In fact, there is so little risk in this project that the residential sales price would have to drop to about $2,000 psf before it made a loss, implying a further 67% collapse in the property market. Even bears like this writer have trouble conceiving that. The profit of $9.3bn on a $7bn investment works out at 133% on investment, but bear in mind that it should be possible for PCG to borrow a large part of the investment from banks, secured on the future income from residential sales. Contrary to government statements that the residential component will only be completed in phases from 2003, there is, according to the Phasing Plan, a small element of apartments and houses (about 300,000 sq. ft.) that will begin rolling out in 2001. These could begin pre-selling at an early stage (perhaps early next year), helping to service the debt. We estimate PCG could borrow 50% of its investment, reducing the funding requirement to $3.5bn. The debt would be paid back by around 2002 based on pre-sales from the first major stage of the residential development, so compound interest at say 10% per annum would cost it only about $1.2bn, leaving a profit of $8.1bn on a $3.5bn investment, or over 230%.

In other words, PCG would take a share of the rental from the Cyberport (the going rate is around 10%) for managing its facilities, indefinitely.

Down at the Mall

Let's get real. The term "cyber mall" is normally used to describe a virtual mall on the web, where you might find a number of on-line shops or products on one web site. This has nothing to do with bricks and mortar. The type of mall envisaged at Cyberport, on the other hand, is a physical concrete and glass mall which will differ little from those already in Hong Kong. We might just as well call our schools "Cyber-schools" and our hospitals "Cyber-hospitals". Putting the odd internet terminal or info-kiosk in a mall does not make it a Cyber-mall. If you want internet access, try Pacific Coffee Company.

Here are some of the more memorable quotes about the Cyberport in recent days:

The above statements need no further comment.

The Opportunity Cost

The entire 26 hectare site, developed at a medium-density plot ratio of 5 times, would yield around 14 million square feet of space. At an accommodation value of $2,700 per square foot, this land, if sold in stages at auction for residential development, would probably fetch around $37.8 billion. That is equivalent to next year's budget deficit, or the cost of educating around 100,000 students with university degrees. It is also more than 6 times the $6bn value being attributed by the government to its stake in the Cyberport. With the new coastal road linking Pokfulam quickly to Central, this would become prime living space.

This then is the opportunity cost of the Cyberport, less any gains that may accrue to the government from its development and future rental. The government would probably argue that the Cyberport also brings untold benefits to the economy at large, which would justify its plan, if not its method of allocating the development. This paper concludes with an analysis of that assertion.

The Flawed Rationale

Information technology is indeed a growing and important part of the global economy, and the fact that you are reading this article on a web-site should serve as a reminder. A few years ago, the only way to publish this article would have been through the print media.

Areas of I.T. excellence are found in various cities around the World. However, in almost all cases these areas have developed principally through high quality educational institutions and a good quality of life for the people who work there. Our government should be focusing its efforts on upgrading both the educational and physical environment of Hong Kong.

Cyberport is no Silicon Valley, which grew with the academic support of nearby Stanford and UCLA Berkeley, nor is it Route 128, the concentration of technology businesses around Boston and Cambridge, Massachusetts, fuelled by the excellence of MIT.  Silicon Valley stretches over about 750 square kilometres of California, equivalent to about 75% of the entire land area of Hong Kong.  We are talking about 0.26 square kilometres in Pokfulam. The whole point of I.T. is that it allows companies to collaborate both internally and with their peers across any distance literally at the speed of light, so there is no need to be located within shouting distance. Almost nowhere in Hong Kong is more than about an hour's drive from anywhere else in the territory, should video conferencing prove inadequate, so Hong Kong is already a "cluster" of buildings and businesses, to use the latest buzz-word.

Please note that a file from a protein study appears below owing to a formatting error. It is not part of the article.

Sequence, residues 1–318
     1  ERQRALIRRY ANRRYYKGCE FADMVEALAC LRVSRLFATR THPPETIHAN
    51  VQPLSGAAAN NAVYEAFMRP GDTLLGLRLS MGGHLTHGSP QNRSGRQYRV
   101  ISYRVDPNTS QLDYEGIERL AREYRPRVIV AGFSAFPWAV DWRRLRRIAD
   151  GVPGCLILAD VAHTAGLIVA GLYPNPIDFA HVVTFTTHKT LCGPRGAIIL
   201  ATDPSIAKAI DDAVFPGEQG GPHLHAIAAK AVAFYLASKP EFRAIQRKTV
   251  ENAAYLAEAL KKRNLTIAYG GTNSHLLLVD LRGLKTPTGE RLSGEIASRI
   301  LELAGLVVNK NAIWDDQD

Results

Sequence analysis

Hong Kong already has a fully digital telephone system and fibre optic lines snaking all over the territory. Our international bandwidth is also wide and growing. In numerous modern office blocks, you can get as much bandwidth as you want - just take a look at the dealing rooms of Citibank Plaza, Exchange Square or the Cheung Kong Centre, or a trip on the MTR to Swire's vast spread in Quarry Bay. Any I.T. business which needs modern offices, reliable power supplies and high-speed data lines can have it tomorrow and at (post-crash) reasonable cost. If more space is needed, then the private sector will be happy to develop the land, bought at open tender or converted from old industrial sites.   The greatest contribution the government can make to this process is to maintain land supply to prevent another property bubble.

So in terms of accommodation, the Cyberport offers nothing that Yahoo! or the other supposed anchor tenants (who have not gone further than non-binding letters of interest) cannot find elsewhere in Hong Kong. This begs the question of rents - will the 17% of the property allocated to offices be let at a discount to market rates? Surely this would amount to intervention in the rental market. It would mean that companies would strive to define themselves as suitably I.T.-driven in order to qualify for lower rents in this zone. With only 990,000 sq. ft. available at Cyberport, this will be quite entertaining. To put it in perspective, 990,000 sq. ft. is about 22% smaller than the space in the Cheung Kong Centre, on the site of the old Hilton Hotel. Perhaps we will see groups such as Hutchison Telecom (controlled by Li Ka Shing) applying to put their internet and mobile phone businesses on the site, or Fortress, Park N' Shop and Watson's (all Hutchison businesses) seeking to locate their "e-commerce" businesses there.

We simply urge that if the land that was once Telegraph Bay is to be developed, do it by open tender on commerical terms and drop the protestations that this is a race against time and only one company is suitable to lead us into the 21st Century.

What I.T. businesses perhaps need most is sufficient numbers of potential employees with an education in information technologies. The answer to that is to boost government spending on tertiary and secondary education, to foster private investment in training, research and development, and to make Hong Kong an attractive place to live for immigrant professionals, but not to donate land for Cyber Villas by the sea.

© Webb-site.com, 1999

Organisations in this story

Topics in this story

Sign up for our free newsletter

Recommend Webb-site to a friend

Copyright & disclaimer, Privacy policy

Back to top